I suppose this post title makes as much sense as my “Why I Shoot Nikon” post from two-and-a-half years ago. In that post I explained that I shoot Nikons because of Simon and Garfunkel. It is one of my longest, rambling and I hope most amusing posts on this blog. In that post, I mention in passing that my first SLR was a Minolta SRT-202. Today I shoot both Nikon and Fuji, but find myself transitioning more and more to the Fuji line of cameras, in part because of the Minolta.
A serious and comprehensive post on that topic would cover lenses, camera size and weight, and Fuji’s new sensor technology. But this post will focus solely on design. I think the Fuji cameras are damn beautiful and freely admit that this is a meaningful factor (although certainly not among the most important factors) in my decision to shoot Fuji. And, design encompasses more than just how they look. It also includes how they feel, and how they work.
Specifically, it does not hurt at all that the current Fujis remind me a LOT of my old Minolta. Look at the shot above, and then look at the Fuji below, which image was first featured here. In the specific styling they differ, but in their overall size, shape and form that are basically the same camera.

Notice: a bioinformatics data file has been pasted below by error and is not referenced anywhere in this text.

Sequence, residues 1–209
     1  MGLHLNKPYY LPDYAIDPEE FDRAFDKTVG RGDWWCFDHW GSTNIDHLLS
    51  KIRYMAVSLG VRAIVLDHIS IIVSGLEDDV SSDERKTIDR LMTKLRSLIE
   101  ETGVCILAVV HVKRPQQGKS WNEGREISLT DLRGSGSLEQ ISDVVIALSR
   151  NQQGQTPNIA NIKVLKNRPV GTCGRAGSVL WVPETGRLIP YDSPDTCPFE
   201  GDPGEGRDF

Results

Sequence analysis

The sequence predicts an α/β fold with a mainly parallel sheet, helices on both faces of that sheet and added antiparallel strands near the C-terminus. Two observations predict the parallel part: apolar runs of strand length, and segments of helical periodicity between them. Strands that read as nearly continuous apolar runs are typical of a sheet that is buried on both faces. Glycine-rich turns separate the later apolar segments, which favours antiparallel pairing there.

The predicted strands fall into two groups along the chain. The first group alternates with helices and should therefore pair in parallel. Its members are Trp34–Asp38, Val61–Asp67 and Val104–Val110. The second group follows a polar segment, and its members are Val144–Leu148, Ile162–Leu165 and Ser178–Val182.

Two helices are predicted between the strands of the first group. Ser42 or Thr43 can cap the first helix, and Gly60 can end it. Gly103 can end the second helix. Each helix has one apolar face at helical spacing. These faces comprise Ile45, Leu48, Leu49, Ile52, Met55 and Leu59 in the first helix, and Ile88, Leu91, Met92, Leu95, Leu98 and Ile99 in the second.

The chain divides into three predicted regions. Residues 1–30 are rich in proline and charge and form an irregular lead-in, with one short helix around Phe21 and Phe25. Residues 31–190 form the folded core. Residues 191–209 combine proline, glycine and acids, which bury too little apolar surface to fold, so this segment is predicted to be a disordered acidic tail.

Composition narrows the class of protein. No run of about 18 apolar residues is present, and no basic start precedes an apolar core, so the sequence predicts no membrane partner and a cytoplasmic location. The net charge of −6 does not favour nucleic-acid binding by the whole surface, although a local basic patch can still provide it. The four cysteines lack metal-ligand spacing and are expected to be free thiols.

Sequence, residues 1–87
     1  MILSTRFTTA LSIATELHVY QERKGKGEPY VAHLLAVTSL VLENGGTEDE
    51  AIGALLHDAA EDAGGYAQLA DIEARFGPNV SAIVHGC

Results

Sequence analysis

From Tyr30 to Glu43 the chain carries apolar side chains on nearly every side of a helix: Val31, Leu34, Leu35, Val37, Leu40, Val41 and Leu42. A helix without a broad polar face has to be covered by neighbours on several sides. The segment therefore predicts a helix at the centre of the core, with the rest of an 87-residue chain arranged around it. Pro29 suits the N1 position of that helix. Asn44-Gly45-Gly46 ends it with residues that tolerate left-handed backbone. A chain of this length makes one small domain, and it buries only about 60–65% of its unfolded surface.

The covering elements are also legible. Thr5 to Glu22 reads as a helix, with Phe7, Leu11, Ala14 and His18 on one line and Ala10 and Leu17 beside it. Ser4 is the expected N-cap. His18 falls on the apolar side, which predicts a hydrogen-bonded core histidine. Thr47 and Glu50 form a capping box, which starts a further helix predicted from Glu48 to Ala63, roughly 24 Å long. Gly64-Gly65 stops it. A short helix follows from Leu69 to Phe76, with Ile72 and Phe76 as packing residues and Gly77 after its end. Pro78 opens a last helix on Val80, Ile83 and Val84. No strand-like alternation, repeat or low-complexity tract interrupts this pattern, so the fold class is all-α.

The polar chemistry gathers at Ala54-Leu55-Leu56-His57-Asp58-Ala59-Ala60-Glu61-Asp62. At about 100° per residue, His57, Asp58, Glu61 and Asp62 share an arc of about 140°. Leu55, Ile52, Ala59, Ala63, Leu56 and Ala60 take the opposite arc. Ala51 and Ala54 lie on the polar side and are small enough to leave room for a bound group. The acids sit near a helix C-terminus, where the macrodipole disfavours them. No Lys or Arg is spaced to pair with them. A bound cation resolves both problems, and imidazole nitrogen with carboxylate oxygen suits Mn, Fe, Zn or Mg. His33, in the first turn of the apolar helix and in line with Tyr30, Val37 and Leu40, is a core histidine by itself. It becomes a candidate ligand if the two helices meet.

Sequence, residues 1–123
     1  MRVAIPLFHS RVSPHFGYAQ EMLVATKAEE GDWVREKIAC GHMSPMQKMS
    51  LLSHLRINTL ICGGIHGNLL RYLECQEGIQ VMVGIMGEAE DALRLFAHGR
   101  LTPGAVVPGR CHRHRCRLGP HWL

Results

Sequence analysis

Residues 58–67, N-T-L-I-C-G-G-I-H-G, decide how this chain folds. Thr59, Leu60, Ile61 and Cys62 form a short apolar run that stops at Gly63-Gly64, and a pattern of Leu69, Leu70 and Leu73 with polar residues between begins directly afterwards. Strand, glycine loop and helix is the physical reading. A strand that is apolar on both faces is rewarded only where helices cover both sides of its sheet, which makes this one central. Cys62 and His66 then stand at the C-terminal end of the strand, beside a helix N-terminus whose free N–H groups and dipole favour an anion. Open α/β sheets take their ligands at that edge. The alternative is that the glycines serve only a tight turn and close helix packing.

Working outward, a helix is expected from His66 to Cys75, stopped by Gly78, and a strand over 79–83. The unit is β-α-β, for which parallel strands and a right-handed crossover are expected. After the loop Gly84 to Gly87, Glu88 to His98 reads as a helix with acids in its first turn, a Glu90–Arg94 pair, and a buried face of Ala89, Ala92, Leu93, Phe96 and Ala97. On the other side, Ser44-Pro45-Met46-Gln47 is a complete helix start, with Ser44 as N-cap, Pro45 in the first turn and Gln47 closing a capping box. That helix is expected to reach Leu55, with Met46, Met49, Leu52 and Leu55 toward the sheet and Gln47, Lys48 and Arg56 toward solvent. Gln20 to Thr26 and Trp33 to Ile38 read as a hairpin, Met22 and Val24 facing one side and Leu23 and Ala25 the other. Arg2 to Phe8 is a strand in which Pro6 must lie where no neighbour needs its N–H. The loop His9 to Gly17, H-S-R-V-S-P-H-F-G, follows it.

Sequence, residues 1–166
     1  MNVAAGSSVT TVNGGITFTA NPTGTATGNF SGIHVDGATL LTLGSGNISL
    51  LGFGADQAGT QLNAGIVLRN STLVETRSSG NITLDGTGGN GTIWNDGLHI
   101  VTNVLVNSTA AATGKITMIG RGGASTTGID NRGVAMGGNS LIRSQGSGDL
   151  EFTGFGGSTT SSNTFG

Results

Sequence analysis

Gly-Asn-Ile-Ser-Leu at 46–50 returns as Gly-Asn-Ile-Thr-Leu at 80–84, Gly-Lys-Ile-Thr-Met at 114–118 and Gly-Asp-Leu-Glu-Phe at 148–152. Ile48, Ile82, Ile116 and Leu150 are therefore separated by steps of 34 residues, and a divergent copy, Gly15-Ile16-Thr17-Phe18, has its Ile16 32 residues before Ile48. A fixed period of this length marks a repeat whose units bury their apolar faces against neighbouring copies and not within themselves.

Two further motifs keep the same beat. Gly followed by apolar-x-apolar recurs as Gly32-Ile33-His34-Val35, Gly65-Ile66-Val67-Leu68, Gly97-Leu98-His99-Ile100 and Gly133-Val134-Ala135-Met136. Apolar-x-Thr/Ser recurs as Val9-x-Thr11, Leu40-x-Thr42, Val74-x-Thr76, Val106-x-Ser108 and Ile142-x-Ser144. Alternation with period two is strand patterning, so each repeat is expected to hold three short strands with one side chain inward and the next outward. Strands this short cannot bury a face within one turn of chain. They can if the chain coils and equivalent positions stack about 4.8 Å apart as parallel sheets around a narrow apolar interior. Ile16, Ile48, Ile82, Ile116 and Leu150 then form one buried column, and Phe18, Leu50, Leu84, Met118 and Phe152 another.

The Minolta shown here is not the one I owned in the late 1970s. That one is lost to time. I do not remember how, when or why I disposed of it. But for the past few years I have considered obtaining one, and recently found this one on eBay, with the 50mm f/1.7 lens, for $60. I am currently shooting my first roll on it. It is a great camera. Minolta made great cameras, and was quite innovative. It focuses much like a rangefinder, and metering is all manual, but handled within the camera and TTL (through-the-lens). The light meter moves an indicator which you see while looking through the viewfinder, and then you adjust both the aperture and shutter speed until another indicator lines up with the first. While the Fuji can be much more automatic, the aperture and shutter controls are setup in an almost the exact same fashion, and the general look of silver and black and shape is extremely familiar. I cannot resist either one.
Oh, and the Minolta shot on top was made with the Fuji shown below it.